dream. Immediately after the raid in Ecuador, Bergman publicly stated that he
had to assume there were other such submarines operating throughout the
region. About seven months later, on Valentinebs Day of 2011, he was proven
correct when the Colombian navy announced that it had seized a second
drug-running supersub. This one had also been built in the jungle. It was 101
feet long, could hold up to 8 tons of cocaine, and could withstand ocean
depths of about 30 feet, Colombian officials said. bOne is an aberration,b
Bergman says. bTwo is an emerging trend.b He presumes there are more.

The prospect of Colombian drug traffickers running their own private navy
poses problems that wonbt be solved with a few arrests. bThis is one of those
cases webre not going to divert our attention from. It has implications that
go beyond law enforcement. It has national security implications,b Bergman
says. After all, there is no reason the subs have to be limited to the drug
trade. They could carry illegal immigrants or even terrorists, or be sold to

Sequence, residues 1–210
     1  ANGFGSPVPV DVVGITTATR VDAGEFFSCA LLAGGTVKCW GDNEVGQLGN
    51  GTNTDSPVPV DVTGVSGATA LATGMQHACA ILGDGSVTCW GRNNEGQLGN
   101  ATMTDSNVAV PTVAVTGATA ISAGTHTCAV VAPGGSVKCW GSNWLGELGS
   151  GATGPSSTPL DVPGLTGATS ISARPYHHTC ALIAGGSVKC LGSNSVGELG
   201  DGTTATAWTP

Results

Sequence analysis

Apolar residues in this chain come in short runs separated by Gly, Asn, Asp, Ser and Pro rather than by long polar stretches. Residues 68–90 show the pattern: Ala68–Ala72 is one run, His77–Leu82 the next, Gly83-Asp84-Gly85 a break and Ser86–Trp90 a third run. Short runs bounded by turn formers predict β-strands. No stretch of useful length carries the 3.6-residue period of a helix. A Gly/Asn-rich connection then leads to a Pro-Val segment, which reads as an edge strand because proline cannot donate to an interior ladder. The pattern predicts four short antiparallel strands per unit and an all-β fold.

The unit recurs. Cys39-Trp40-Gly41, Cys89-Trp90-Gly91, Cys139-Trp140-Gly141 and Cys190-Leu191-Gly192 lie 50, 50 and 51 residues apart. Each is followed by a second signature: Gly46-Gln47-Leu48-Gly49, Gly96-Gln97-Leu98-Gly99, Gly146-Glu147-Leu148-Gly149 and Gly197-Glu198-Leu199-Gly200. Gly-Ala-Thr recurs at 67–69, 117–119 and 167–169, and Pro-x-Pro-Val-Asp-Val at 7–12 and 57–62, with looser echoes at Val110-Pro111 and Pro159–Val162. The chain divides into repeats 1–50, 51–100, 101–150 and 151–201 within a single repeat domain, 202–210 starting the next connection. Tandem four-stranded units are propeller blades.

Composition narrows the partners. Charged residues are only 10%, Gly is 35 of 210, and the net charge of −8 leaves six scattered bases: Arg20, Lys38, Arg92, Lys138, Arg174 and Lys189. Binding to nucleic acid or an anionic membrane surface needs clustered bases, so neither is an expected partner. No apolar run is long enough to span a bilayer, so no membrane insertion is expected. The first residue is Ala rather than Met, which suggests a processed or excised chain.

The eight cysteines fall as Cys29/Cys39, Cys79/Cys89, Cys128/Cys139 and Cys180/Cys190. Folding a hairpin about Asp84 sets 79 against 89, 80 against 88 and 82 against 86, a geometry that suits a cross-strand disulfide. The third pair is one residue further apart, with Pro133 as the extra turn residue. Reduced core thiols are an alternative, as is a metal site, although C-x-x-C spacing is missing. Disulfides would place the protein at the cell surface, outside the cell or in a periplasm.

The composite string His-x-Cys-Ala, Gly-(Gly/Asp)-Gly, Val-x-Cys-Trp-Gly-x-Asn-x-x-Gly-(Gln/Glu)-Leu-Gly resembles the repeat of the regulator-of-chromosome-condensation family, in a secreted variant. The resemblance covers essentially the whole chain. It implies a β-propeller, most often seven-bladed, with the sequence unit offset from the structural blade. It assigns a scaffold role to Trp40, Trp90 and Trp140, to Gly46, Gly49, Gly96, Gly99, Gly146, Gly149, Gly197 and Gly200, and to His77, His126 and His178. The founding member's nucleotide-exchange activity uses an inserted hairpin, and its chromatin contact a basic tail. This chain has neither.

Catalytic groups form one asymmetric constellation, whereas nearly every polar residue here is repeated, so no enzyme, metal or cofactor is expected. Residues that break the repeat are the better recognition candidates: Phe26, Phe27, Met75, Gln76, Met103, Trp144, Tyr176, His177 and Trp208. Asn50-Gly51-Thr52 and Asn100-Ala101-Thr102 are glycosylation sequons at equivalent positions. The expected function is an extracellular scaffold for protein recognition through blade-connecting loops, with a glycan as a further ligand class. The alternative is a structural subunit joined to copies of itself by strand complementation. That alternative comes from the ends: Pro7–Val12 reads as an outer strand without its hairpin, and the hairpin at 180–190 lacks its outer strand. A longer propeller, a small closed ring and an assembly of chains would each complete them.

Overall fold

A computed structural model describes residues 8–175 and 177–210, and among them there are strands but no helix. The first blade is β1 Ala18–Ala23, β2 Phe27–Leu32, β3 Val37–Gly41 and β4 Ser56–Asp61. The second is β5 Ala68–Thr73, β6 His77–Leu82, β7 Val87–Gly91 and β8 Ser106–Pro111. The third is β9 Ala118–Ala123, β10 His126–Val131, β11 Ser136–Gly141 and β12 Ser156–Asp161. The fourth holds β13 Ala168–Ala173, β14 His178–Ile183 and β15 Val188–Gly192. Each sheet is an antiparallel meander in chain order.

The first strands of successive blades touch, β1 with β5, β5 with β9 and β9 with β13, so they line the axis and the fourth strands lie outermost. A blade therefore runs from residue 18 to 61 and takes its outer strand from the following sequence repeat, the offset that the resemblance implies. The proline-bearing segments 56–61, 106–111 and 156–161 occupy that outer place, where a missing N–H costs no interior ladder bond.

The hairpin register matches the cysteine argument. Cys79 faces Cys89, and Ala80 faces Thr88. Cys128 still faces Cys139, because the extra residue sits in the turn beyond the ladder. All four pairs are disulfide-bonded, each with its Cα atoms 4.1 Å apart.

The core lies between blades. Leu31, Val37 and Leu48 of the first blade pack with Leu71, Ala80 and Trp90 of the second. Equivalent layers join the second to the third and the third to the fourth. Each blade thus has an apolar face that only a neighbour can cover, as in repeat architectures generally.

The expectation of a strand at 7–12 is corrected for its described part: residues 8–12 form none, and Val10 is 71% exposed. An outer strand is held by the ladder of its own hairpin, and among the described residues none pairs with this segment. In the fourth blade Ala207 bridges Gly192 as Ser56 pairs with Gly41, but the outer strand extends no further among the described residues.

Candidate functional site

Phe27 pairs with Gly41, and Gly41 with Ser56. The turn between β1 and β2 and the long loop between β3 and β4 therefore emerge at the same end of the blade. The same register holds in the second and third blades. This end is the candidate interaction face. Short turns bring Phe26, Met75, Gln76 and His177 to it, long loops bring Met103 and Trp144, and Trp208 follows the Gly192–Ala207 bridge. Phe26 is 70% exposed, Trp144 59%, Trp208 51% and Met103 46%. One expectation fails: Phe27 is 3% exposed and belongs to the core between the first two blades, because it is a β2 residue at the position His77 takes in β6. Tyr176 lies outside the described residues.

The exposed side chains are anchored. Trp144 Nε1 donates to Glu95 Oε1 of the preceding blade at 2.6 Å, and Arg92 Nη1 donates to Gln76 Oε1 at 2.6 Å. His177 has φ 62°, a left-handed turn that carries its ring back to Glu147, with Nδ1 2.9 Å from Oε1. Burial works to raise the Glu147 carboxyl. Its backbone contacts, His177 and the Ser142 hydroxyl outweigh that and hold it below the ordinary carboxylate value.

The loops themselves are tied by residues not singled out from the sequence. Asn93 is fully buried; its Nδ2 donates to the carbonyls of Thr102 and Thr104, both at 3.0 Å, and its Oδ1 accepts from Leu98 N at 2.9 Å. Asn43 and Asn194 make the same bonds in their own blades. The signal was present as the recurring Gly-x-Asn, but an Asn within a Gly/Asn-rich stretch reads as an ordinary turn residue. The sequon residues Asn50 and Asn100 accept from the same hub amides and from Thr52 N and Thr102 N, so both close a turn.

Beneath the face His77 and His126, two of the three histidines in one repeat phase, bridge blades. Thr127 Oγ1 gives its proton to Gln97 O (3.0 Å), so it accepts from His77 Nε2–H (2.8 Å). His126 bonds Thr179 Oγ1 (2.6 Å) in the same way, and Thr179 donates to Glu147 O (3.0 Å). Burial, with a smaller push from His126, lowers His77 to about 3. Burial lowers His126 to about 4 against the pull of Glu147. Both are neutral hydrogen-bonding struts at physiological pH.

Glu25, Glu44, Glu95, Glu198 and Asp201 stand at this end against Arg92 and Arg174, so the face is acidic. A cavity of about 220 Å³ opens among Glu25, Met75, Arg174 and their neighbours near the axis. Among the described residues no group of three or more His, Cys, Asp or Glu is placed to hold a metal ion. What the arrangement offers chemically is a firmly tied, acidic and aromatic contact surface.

the highest bidder for any number of nefarious purposes.

Consequently, the supersubs are garnering high-level attention. Ecuadorean
military brass briefed US defense secretary Robert Gates. And Bergmanbs DEA
agents gave a lengthy presentation to Coast Guard and Pentagon officials with
the Joint Interagency Task Force South, the Florida-based intelligence unit
responsible for detecting drug-running semisubmersibles on the open sea. The
task force works with law enforcement agenciesbwhich have unmanned aerial
drones, Coast Guard cutters, and warships at their disposalbbut they wouldnbt
comment on how they might try to locate the new long-range narco subs. Given
the Navybs recent 70-page assessment, however, tracking them wonbt be so
easy. bThe vessel is assessed to be quiet, while operating under electric
power, and potentially difficult to detect acoustically or by radar,b the
Navy concludes.

In the meantime, Montoya predicts that the jungle shipbuilders will continue
to perfect their craft. bThese efforts have been in the making for at least
17 years, since the time of Escobar,b he says. bIt would be realistic to
assume that there is a sub en route to Mexico or Europe at this very moment.b
Photo: Christoph Morlinghaus

Photo: Christoph Morlinghaus

Jim Popkin (jim.popkin at is a writer and former head of the NBC News
Investigative Unit.